“Well, while I'm here, let's have a look at you.”

She gripped the blanket when he reached for it. “No time. We've got to go find that guy out there.”

“In a minute.” John lifted the blanket and her flannel nightie to examine her stump. His brow furrowed and he frowned at her. “As if you don't have enough pain to deal with, you have to go and do heaven knows what with what's left of your leg?”

She shoved her nightgown down to cover herself. “There was a cat. A really little, really helpless black cat.”

“A cat.”

“In a tree. Stuck. Okay?”

“Tell me you didn't climb a tree. It's only been six months since your surgery.”

“She was very grateful when I got her down.”

He shook his head. “You could've called me.”

“But I'm always calling you. Besides, she doesn't like men. Smart cat, huh?”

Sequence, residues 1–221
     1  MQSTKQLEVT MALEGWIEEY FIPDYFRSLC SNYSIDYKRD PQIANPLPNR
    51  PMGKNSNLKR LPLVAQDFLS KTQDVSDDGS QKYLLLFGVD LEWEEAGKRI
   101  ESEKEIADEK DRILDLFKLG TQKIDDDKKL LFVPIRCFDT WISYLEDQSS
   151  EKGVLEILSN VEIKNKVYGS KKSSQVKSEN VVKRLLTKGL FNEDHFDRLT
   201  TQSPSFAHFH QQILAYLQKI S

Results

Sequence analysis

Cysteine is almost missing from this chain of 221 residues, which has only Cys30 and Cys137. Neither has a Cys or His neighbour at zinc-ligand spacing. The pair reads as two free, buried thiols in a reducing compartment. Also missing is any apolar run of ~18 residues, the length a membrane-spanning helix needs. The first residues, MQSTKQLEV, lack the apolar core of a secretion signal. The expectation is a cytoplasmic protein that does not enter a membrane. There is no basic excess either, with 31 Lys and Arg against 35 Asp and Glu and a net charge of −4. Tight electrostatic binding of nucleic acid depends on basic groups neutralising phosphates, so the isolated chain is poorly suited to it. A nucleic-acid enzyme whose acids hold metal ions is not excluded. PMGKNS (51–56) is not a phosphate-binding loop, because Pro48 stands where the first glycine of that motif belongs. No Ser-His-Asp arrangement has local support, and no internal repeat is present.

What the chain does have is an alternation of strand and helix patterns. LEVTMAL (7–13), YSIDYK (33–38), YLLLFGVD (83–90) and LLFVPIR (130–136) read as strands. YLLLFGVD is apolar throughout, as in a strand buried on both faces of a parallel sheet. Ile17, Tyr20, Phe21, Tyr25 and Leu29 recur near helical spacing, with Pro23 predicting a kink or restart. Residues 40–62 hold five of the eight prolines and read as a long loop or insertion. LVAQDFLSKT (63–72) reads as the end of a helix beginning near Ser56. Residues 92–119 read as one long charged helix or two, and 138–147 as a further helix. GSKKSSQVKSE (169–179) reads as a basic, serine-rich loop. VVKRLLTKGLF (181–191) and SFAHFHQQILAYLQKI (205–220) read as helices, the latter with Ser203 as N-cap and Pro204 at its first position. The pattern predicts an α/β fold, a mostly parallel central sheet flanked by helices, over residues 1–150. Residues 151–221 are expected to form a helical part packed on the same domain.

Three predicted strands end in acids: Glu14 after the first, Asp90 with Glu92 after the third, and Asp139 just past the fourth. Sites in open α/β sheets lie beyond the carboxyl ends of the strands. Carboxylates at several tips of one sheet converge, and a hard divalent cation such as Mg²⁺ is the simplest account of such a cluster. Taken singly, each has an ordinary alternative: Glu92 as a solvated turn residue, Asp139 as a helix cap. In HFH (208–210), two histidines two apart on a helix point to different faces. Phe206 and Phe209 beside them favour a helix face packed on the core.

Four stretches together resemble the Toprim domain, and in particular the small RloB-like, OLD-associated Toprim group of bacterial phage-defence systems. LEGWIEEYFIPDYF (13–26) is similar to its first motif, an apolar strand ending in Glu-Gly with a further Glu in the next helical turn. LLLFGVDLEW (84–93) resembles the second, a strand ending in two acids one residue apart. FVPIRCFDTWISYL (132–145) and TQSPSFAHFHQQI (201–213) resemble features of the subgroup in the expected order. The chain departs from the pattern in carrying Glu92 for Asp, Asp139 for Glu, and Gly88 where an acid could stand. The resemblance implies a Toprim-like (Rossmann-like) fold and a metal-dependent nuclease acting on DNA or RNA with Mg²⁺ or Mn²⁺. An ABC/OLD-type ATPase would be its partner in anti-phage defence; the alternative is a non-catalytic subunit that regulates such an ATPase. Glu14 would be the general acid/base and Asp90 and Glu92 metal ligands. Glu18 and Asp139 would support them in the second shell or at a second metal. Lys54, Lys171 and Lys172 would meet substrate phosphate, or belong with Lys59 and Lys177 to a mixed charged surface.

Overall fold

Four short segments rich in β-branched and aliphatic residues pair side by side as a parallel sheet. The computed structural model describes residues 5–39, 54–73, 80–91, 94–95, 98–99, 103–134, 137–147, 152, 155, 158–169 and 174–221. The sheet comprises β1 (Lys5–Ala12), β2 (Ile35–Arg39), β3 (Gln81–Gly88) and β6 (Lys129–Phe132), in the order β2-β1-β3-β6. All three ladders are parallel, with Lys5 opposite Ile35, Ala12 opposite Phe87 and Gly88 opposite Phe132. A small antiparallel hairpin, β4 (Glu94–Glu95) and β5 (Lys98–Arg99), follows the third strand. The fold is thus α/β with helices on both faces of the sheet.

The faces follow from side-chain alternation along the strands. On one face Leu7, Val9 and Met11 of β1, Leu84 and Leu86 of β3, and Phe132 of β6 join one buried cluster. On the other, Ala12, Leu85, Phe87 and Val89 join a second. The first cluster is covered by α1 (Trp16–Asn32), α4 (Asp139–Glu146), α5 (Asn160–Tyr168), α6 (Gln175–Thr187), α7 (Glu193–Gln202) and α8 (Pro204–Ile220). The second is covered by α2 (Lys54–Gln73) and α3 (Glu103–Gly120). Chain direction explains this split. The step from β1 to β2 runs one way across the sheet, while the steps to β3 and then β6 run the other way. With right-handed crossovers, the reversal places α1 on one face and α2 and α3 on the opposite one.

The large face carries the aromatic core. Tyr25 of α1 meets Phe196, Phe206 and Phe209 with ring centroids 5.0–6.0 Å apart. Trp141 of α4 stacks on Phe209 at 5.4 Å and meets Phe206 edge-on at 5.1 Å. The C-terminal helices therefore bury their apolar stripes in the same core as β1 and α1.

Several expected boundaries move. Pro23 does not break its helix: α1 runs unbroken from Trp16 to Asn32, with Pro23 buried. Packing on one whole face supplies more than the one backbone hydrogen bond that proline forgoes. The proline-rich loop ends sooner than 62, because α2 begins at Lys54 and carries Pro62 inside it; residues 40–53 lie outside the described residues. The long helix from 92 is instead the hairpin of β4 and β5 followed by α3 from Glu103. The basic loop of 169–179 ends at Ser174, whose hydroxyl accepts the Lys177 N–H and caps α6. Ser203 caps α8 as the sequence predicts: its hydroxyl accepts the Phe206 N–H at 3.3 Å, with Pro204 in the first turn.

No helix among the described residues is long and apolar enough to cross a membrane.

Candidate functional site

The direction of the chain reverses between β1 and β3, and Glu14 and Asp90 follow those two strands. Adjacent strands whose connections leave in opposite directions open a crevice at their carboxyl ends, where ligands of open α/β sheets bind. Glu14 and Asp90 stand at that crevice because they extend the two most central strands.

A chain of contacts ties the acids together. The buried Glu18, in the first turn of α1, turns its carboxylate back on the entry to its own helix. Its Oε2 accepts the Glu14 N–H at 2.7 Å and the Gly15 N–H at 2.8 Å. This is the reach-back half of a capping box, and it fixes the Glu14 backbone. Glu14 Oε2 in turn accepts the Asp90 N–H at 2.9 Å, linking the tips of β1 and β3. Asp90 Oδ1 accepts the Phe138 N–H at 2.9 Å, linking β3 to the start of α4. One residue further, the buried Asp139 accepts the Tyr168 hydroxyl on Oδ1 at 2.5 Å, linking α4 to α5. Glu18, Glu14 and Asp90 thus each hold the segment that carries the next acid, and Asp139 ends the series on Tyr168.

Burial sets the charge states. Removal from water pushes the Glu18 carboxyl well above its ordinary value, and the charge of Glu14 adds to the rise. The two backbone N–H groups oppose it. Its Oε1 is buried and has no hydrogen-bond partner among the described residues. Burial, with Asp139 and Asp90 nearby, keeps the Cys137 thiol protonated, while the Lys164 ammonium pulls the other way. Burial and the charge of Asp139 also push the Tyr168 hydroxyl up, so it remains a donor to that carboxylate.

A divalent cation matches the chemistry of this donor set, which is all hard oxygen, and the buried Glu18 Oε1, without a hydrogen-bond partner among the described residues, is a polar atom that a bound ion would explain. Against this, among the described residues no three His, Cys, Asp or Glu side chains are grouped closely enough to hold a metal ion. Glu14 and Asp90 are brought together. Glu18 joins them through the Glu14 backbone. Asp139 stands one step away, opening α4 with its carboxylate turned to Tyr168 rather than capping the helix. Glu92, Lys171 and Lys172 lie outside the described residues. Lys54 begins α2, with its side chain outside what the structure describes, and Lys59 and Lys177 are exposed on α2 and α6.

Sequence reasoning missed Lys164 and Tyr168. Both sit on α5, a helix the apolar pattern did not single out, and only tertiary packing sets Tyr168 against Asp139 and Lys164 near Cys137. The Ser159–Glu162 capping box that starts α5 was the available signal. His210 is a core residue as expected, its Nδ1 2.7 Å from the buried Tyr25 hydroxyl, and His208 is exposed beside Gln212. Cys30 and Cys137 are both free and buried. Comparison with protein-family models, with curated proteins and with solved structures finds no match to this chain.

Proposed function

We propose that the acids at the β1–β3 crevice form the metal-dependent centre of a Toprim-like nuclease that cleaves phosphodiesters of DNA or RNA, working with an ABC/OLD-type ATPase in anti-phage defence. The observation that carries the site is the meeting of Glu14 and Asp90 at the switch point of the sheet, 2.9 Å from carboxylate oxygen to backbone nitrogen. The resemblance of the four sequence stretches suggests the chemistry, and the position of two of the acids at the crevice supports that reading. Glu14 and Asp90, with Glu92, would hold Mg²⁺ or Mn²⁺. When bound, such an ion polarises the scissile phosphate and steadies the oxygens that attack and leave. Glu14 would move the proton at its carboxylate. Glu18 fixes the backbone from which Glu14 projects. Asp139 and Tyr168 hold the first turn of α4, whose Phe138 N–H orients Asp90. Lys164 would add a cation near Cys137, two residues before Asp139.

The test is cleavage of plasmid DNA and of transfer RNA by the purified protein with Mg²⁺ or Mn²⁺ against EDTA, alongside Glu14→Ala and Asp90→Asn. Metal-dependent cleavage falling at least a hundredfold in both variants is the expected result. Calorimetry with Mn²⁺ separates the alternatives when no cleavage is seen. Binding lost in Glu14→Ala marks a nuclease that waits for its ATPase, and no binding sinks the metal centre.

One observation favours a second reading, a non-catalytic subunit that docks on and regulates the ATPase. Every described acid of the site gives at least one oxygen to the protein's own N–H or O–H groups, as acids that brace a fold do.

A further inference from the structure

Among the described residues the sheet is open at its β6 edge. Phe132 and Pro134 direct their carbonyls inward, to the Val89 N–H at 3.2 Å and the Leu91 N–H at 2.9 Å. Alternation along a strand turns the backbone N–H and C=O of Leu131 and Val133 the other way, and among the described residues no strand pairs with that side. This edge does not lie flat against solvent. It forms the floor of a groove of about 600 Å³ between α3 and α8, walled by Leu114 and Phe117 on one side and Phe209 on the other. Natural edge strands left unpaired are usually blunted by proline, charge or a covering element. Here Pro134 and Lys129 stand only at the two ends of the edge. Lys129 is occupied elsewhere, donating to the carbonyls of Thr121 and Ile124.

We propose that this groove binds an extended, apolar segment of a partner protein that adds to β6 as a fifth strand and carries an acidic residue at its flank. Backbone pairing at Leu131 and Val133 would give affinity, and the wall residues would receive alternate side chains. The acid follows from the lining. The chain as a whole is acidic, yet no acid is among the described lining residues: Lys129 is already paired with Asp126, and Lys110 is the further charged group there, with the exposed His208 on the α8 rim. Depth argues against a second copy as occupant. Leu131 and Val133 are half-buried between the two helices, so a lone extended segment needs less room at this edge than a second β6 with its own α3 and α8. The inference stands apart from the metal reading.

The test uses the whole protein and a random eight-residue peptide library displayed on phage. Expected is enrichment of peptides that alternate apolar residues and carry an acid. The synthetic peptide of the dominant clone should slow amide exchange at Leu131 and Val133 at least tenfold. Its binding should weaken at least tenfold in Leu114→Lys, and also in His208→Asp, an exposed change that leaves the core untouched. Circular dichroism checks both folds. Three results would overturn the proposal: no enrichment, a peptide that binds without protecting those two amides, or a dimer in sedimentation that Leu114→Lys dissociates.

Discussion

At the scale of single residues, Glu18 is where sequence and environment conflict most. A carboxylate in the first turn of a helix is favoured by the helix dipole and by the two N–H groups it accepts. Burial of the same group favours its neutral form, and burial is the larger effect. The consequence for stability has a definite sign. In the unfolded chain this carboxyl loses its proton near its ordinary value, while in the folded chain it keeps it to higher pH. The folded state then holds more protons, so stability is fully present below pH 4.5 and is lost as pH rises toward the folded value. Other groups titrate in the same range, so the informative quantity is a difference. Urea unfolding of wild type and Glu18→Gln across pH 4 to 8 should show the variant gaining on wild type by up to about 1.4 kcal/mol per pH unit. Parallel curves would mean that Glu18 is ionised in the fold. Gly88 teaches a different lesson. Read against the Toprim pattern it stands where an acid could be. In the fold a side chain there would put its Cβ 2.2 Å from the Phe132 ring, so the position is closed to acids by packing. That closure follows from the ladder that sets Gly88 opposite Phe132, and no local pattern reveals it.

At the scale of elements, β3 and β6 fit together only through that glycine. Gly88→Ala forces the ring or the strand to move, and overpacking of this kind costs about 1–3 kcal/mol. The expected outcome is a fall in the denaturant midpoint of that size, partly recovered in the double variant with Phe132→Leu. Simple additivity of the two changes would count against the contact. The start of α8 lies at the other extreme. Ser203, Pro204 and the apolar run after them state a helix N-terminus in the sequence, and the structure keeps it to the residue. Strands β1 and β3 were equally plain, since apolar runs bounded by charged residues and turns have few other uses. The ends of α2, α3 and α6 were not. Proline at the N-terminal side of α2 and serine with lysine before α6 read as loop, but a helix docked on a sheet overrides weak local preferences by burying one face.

“You know you can ask Millie and me to do anything for you. I'm not just your doctor; I'm your friend. You can talk to me about anything.”

Caroline fixed her gaze on the dust bunnies in the corner of her two-room hideout. “No, I can't.”

He sighed and kissed her forehead. “Okay, almost anything. Take that pill and get a good night's sleep. I'll go find the guy. He's probably a lost hiker.”

“You won't find him without my help. He's…I don't know…hidden. Covered up. Something. Give me a few minutes to get dressed.”


She was perfect for Grabian.

Neshi watched Caroline Bengal and her companion rumble away from the cabin. This time it might work. Grabian might live long enough. He could take his place among these humans as if he were one of them and feed in a way that was natural and harmless to his prey. And the woman, the empath, would know his needs and respond to them in a way that would ensure Meical's survival.

Neshi allowed himself a moment of self-satisfaction. If he could do
literally rebuild Grabian, reconstitute and enliven human tissue that had lain dormant beneath vampire flesh for two hundred years, what else might he eventually accomplish? And not just for vampires, but for preternatural beings of all kinds. He could allow them to live in perfect symbiosis with humanity.